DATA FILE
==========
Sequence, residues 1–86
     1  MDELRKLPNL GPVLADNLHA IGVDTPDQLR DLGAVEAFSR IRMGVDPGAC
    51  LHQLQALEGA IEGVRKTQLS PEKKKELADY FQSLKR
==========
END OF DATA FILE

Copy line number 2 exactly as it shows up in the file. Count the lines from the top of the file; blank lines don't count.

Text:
     1  MDELRKLPNL GPVLADNLHA IGVDTPDQLR DLGAVEAFSR IRMGVDPGAC